Why Web Services Are Easy To Love & Hate
This article was written with the intention of Improving the Web Service Development Experience particularly in the areas of Testing & Debugging.
The specific topics discussed in this article include:
- Identify common developer challenges with web service development.
- Offer suggestions on how to improve the development experience.
- Instructions on how to easily debug your PowerBuilder developed WCF Web Service.
- How to use the Microsoft WCF Test Client to easily test your web services.
Web Services, a thorn in the developers’ side
Let me start out by clarifying how I feel about web services in general. I think all web services suck no matter what flavor they are or tool they were developed with. I really like to use web services as a data source to my applications and web sites, in fact I would rather use a web service than a direct database connection.
If you are thinking, “What the hell is he talking about that didn’t clarify anything?”, then I’d say you hit the nail on the head! If you perceived a certain negative attitude or “tone” in my words you were spot on, and it means I was successful in putting my true feelings about this love & hate relationship into words.
Web Service development is boring
The development process for Web Services is not really that much fun compared to other development tasks. With user-interface development you get the instant gratification of tangible results in a short amount of time.
The good news is that web services are starting to become more fun to develop thanks in part to Microsoft. Microsoft has hidden much of the ugly plumbing for WCF Web Services and they have made calling web services simple via an ASP.NET API.
Quick & Dirty WCF Web Service Testing
Coding the web services wasn’t so difficult, but getting them to work takes something just short of a miracle. Again, this has improved thanks to industry standards but getting a web service working under IIS and accessible to the world while maintaining a secure environment is still a small challenge.
The Microsoft WCF Test Client makes testing a whole lot easier. You “open” an web service and pull in all the available methods, you can set input parameters and invoke the web service, and you can view the results in formatted or XML output.
How to Debug PowerBuilder 12.5.NET WCF Web Services
Debugging a WCF Web Service is not that much different than debugging a standard PowerBuilder application. The main difference with debugging the web service is that you don’t just “Run” the web service like you do a typical PB program. You will start the WCF Test Client first, and then start the debug.
The reason that you want to start the WCF Test Client is that PowerBuilder needs to “bind” to the process that is running the web service upon starting the debug process.
Steps for Debugging a PowerBuilder 12.5.NET WCF Web Service
1. Compile WCF Web Service in PB12.5.NET (with DEBUG option in project painter)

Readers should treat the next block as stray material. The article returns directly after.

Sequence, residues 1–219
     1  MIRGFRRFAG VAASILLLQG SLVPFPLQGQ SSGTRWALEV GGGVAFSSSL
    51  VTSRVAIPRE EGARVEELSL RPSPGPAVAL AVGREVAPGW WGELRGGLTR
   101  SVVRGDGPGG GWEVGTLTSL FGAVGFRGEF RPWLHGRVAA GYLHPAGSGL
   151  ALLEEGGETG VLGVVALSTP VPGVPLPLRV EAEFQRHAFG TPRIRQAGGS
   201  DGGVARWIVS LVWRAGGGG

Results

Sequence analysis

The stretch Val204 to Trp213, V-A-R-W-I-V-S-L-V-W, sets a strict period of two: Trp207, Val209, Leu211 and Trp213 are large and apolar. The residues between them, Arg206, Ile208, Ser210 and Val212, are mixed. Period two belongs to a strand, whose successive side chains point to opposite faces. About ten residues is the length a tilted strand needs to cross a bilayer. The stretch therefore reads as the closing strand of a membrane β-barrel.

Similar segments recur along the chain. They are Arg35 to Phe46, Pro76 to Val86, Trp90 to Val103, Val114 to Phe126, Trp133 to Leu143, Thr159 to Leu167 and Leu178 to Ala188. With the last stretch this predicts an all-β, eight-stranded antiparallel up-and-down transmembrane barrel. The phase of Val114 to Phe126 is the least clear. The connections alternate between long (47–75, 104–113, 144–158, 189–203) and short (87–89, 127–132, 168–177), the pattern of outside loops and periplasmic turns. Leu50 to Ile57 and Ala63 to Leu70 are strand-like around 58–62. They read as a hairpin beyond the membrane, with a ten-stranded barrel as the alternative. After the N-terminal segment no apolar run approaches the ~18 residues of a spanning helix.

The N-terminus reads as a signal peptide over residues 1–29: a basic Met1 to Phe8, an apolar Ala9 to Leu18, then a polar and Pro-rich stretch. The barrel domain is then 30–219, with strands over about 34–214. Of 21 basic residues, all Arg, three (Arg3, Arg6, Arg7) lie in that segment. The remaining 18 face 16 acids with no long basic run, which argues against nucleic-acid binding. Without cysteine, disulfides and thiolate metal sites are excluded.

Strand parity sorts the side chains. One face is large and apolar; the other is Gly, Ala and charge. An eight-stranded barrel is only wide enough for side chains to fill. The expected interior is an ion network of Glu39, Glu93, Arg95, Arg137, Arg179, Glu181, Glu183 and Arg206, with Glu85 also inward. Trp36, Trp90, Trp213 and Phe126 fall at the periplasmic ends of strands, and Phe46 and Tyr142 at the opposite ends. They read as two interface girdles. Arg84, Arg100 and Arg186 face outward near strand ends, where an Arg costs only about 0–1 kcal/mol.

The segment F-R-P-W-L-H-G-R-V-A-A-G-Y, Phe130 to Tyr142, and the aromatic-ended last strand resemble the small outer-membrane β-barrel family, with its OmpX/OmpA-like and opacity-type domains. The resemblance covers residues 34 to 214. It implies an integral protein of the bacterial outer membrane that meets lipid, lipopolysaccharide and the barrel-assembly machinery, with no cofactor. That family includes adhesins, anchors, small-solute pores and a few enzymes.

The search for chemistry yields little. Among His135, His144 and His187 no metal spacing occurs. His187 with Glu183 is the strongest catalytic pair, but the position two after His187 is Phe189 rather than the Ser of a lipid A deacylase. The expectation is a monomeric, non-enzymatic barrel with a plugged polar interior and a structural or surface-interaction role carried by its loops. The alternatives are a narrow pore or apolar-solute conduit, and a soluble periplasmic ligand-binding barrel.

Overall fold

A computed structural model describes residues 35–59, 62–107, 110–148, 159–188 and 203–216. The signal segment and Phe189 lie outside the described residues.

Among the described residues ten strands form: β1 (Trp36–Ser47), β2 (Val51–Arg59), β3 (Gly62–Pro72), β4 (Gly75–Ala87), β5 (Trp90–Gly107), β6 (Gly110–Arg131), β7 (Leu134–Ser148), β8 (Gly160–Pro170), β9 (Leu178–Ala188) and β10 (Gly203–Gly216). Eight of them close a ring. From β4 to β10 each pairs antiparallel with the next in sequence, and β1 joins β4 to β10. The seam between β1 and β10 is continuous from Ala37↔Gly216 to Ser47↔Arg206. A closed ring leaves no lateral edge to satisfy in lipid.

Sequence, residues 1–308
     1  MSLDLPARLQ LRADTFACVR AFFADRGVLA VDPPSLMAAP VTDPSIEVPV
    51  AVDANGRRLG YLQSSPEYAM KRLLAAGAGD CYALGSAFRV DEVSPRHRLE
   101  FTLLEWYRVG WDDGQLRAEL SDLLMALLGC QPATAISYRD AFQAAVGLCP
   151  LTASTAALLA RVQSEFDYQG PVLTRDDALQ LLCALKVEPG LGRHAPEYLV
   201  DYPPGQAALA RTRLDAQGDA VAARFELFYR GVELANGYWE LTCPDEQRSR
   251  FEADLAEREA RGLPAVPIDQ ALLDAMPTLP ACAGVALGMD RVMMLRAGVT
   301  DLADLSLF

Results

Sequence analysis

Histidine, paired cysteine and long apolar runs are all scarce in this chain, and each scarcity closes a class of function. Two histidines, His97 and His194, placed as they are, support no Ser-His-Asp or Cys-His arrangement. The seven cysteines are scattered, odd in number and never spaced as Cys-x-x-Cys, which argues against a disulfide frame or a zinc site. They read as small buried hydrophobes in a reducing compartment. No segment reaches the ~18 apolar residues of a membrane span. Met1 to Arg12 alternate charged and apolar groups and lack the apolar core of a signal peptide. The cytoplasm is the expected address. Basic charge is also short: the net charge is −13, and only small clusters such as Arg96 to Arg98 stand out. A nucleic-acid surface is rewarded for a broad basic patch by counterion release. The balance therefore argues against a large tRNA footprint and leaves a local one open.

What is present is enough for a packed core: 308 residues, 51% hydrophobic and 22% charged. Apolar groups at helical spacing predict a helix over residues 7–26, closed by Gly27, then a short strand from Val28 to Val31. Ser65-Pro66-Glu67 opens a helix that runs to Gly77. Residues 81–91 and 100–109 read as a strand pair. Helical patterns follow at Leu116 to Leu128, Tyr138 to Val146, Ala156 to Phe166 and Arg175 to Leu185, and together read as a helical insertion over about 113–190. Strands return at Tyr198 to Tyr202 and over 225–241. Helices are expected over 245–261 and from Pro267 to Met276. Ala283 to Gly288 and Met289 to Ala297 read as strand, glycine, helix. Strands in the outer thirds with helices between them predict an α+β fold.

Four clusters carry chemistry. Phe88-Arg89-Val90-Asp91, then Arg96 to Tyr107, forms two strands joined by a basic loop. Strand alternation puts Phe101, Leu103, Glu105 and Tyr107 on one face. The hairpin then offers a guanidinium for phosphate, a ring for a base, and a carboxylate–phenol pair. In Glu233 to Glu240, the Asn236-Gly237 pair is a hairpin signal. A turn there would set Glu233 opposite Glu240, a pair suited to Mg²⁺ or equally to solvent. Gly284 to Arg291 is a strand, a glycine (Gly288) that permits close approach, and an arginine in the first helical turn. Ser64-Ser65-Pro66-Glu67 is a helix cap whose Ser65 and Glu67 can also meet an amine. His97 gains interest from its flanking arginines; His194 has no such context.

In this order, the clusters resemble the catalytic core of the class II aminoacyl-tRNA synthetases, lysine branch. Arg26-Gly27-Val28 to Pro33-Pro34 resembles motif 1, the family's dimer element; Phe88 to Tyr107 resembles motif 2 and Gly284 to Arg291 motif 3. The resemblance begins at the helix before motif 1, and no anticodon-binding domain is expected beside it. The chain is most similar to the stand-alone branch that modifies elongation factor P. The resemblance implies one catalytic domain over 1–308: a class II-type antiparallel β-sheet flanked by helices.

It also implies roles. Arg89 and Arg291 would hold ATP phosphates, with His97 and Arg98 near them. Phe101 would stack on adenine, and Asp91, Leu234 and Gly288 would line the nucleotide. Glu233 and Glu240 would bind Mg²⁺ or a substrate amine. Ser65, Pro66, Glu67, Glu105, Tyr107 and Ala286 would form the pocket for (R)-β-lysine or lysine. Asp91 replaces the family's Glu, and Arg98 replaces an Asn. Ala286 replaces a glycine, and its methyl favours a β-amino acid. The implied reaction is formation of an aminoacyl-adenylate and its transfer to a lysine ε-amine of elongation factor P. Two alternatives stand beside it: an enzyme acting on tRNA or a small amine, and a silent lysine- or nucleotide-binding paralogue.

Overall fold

2. Deploy the web service and make a note of the web service URL, it will be needed in the test client.
3. Open the WCF Test Client and Open the Web Service within the WCF Test Client
4. Set your PowerBuilder debug breakpoints like you normally do.
5. Initiate Debug the WCF Web Service in PowerBuilder (Alt + F5) – Your break point will likely not be reached until later after we invoke a web service.
6. Allow the PB Debugger to Attach to the WCF Test Client by accepting the Security Warning. Click “Attach”
7. Double click a web service method to test, and click Invoke. Here, I clicked on GetCategory which takes one integer argument. I entered the argument value 14.
8. If all goes well, PowerBuilder 12.5.NET will come to the front (or flash in your taskbar) when a breakpoint has been reached. You can step through code like you normally do.
note: if you take some time debugging you may get an error from the test client because it will think the web service has not responded in a reasonable amount of time. You can ignore it and continue debugging.
Summary – Testing & Debugging of WCF Web Services
Use the Microsoft WCF Test Client to test your web services. Use the same tool to invoke web services that will cause breakpoints to be reached in your PowerBuilder code, and allow you to debug the code. By using the test client and debugger you can get through the worst part of development quickly!
PowerBuilder WCF Web Service consumed by ASP.NET MVC web site. This is a full blown example from start to finish using a simpler self-hosted web service rather than an IIS hosted web service. This three page article covers all steps in creating a WCF Web Service, consuming the web service via ASP.NET MVC, and includes source files for download.
Entry Level PowerBuilder WCF Web Services – This is also a full blown example from start to finish but it focuses mostly on the actual web service and has very little on the consumption of the web service. This is a good first time article for WCF Web Services.